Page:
I’m not going to go into the complexities regarding immigration at this time but what the Left too often do regarding immigration is completely dismiss the issue and simplify it into solely an economic one. This will cost Labour voters and whilst telling voters they are effectively wrong on it is admirable it will most likely turn more people away from the party. This is particularly persuasive in that the nature of the referendum made it largely about immigration, in which Labour Northern Heartlands voted overwhelmingly to leave. I’m not going to go into the seats that are at risk but any analysis of voting patterns will show that a lot of UKIPs target seats will be Northern ones.

    By all means keep Corbyn if you want the party to continue its inept ideological self-indulgence. The country is more right-wing than it has been in a very long time, meaning there is no place for a hard-left labour party. But if you want to change the country you have to win elections, and it doesn’t seem Corbyn is anywhere near winning one.
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    (Original post by MrJAKEE)
    Regarding the IRA, whilst I would agree that discrimination against Catholics was extensive, his close links with a terrorist organisation have been questionable, such as refusing to denounce the activities of the IRA on a BBC Radio Ulster broadcast in addition to being in high association with groups that have large levels of sympathy with its activities. He might have said that he doesn’t support Hamas, but he definitely said that they were his friends in what he now calls a ‘loose sense’. This has proved disastrous for the Jewish vote, of which only 8.5% will now will vote Labour. This links completely into whole anti-Semitism fiasco, which I won’t delve much into, but I think you would agree didn’t aid the Labour party’s prospects at all. On the issue of the Falklands, it has become abundantly clear that the population want to remain British – where 99.8% voted for it remaining a British Overseas Territory. On your point that ‘isn’t it what we British do, work towards a compromise?’ I have to say that is an incredibly unsubstantiated statement and if anything, we have proven in the referendum that we want to be more isolated. Also in other cases regarding foreign policy, historically Britain has been very good at no compromise – e.g Churchill’s leadership during WW2. In all of these cases (indeed Corbyn being a Republican adds onto this), he is losing much of the patriotic working class labour voter to UKIP. Could you honestly see Corbyn standing up to Putin?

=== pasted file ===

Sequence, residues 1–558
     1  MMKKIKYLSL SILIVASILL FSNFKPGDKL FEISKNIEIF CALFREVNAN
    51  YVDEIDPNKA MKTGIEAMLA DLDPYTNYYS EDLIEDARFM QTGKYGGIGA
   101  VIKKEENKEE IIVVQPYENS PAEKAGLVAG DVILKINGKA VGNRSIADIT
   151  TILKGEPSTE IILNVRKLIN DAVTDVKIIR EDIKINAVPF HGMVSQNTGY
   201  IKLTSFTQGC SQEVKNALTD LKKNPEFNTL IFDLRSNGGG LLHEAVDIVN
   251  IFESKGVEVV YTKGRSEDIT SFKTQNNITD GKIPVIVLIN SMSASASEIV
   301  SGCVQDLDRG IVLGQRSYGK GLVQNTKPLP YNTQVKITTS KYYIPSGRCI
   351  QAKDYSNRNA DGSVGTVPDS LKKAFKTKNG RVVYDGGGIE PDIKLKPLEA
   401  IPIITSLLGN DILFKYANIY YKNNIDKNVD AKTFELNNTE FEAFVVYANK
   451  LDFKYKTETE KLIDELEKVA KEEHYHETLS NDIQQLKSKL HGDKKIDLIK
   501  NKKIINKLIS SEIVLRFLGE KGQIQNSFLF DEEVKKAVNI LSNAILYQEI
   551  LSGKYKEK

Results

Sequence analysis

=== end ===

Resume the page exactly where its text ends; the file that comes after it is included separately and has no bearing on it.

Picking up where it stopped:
QE is a complex economical issue and I will openly admit that I am no economist. However I think it is common sense that any politician would want to optimise the utility of governmental spending, stimulating economic growth whilst also working towards a small budget deficit/small budget surplus. The fact of the matter is that we are already ‘borrowing’, to the net tune of £74billion in the last financial year, which you know as well as I do just adds to the national debt meaning the next generation in this country will have to take on the burden. We need to accept as a country that we need to cut spending in areas that are not in British interest, and make our money ‘better spent’. Corbyn proposes printing vast sums of money, which is fundamentally different to the QE at present which only exists ‘digitally’, and I would question whether this has been advantageous to any economy that has tried this, by causing rapid inflation (e.g Weimar Germany, Zimbabwe). His economic policies also go into monetary policy – which is meant to be apolitical (and for good reasons too), and only the fringe of economists agree with the idea.

    I’m not going to go into the complexities regarding immigration at this time but what the Left too often do regarding immigration is completely dismiss the issue and simplify it into solely an economic one. This will cost Labour voters and whilst telling voters they are effectively wrong on it is admirable it will most likely turn more people away from the party. This is particularly persuasive in that the nature of the referendum made it largely about immigration, in which Labour Northern Heartlands voted overwhelmingly to leave. I’m not going to go into the seats that are at risk but any analysis of voting patterns will show that a lot of UKIPs target seats will be Northern ones.

    By all means keep Corbyn if you want the party to continue its inept ideological self-indulgence. The country is more right-wing than it has been in a very long time, meaning there is no place for a hard-left labour party. But if you want to change the country you have to win elections, and it doesn’t seem Corbyn is anywhere near winning one.